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Red Cedar - Juniperus virginiana

Red Cedar - Juniperus virginiana

PriceFrom $10.00

•Status in Florida: Native

•Size at Maturity: Typically grows 30-50 feet tall, with a spread of 8-20 feet.

•Phenology: Coniferous tree with small, scale-like leaves that are dark green in color. Produces small, berry-like cones.

•Life Cycle: Perennial

•Bloom Season: Typically blooms in late winter to early spring.

•Deciduous, Dioecious, Evergreen: Evergreen

•Sunlight Requirements: Full sun to partial shade

•Soil Texture: Well-drained sandy, loamy, or clay soils

•Soil pH: Tolerant of a wide range of soil pH levels, but prefers slightly acidic to neutral soils (pH 5.0-7.5)

•Moisture Requirements: Drought-tolerant once established, but prefers moderately moist soil

•Tolerance to Salt Spray: Moderate tolerance

•Recommended Landscape Uses: Provides excellent windbreak and privacy screening. Suitable for naturalized areas, wildlife habitats, and as a specimen tree in landscapes.

•Maintenance Tips: Red Cedar is relatively low-maintenance but may benefit from occasional pruning to maintain shape and remove dead or diseased branches.

•Considerations: Can be susceptible to certain pests and diseases, such as cedar-apple rust. Plant away from apple and crabapple trees to reduce the risk of infection.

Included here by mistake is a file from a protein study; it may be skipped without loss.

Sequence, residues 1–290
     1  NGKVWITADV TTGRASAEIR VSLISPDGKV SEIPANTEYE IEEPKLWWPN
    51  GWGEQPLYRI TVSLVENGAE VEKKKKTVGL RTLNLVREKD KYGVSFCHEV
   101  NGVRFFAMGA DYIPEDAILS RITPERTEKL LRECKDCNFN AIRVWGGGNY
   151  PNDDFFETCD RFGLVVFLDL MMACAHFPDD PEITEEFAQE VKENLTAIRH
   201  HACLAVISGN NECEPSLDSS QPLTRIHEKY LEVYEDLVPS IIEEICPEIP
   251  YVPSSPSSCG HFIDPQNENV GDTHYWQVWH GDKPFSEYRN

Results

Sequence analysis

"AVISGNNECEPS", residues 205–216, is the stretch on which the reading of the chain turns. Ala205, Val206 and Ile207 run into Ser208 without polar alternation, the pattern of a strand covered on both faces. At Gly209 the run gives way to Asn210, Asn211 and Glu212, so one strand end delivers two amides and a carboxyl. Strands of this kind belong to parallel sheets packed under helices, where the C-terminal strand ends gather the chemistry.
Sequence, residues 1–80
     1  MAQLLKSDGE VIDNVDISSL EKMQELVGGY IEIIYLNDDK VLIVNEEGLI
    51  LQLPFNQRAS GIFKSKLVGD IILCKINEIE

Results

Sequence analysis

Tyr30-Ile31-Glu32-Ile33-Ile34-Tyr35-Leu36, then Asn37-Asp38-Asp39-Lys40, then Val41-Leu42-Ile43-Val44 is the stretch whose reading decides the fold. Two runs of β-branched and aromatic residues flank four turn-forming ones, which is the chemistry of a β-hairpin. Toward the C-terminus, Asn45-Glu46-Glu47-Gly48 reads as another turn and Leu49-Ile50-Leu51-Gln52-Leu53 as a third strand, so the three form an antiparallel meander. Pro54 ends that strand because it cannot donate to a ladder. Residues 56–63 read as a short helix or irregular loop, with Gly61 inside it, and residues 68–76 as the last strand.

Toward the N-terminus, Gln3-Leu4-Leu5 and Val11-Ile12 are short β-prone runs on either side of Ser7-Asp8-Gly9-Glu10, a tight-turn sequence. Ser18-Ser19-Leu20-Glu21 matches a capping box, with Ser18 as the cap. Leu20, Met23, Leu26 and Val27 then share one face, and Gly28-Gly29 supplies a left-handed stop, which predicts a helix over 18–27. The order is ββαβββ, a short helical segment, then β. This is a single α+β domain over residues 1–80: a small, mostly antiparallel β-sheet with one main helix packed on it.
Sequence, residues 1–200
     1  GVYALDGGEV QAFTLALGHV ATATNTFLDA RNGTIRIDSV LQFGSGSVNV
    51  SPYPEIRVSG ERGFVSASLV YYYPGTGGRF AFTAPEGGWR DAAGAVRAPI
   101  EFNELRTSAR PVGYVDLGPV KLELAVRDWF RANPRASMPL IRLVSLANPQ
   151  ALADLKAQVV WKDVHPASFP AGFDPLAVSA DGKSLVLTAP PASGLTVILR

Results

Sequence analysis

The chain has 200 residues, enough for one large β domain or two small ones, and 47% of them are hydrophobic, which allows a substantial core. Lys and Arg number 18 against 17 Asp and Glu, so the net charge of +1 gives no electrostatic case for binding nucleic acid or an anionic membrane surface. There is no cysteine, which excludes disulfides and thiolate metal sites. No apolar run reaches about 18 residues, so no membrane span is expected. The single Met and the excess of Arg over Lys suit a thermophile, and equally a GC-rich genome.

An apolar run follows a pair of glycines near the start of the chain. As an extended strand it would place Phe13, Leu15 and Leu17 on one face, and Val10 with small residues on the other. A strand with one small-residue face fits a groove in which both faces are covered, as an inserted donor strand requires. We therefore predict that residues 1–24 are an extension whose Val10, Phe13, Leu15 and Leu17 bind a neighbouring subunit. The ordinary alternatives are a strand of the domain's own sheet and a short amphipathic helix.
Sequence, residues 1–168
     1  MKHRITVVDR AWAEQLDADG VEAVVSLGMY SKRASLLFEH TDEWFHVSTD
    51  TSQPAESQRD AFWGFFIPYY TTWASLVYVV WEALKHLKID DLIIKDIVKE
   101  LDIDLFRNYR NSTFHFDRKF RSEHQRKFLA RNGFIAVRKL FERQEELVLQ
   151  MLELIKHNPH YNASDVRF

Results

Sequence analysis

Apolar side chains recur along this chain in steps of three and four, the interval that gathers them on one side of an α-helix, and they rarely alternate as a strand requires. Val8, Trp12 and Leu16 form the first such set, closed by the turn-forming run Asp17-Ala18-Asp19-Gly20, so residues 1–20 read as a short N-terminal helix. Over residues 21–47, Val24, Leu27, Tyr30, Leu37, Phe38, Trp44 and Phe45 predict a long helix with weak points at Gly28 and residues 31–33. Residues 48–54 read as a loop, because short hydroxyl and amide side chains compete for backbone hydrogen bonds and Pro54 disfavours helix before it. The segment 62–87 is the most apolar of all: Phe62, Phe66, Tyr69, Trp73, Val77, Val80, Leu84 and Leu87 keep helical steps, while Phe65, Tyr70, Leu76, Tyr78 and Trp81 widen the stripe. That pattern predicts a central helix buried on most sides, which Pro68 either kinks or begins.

•Edible: The berries of Red Cedar are technically edible but are generally not considered palatable for humans.

•Medicinal Uses: Red Cedar has traditional medicinal uses in Native American cultures, including the use of its leaves and berries in herbal remedies.

•Toxicity to Pets: The foliage and berries of Red Cedar are toxic to pets if ingested in large quantities, causing gastrointestinal upset.

•Florida Native Companion Plant: Red Cedar pairs well with other native species such as saw palmetto (Serenoa repens) and beautyberry (Callicarpa americana).

•Wildlife Benefit: Provides habitat, cover, and food for a variety of wildlife species. The berries are an important food source for birds, including cedar waxwings and robins.

•Caterpillar Host Plant: Yes, Red Cedar serves as a host plant for several species of moth caterpillars, including the Juniper Hairstreak (Callophrys gryneus) and the Cedar Hairstreak (Callophrys gryneus neglecta).

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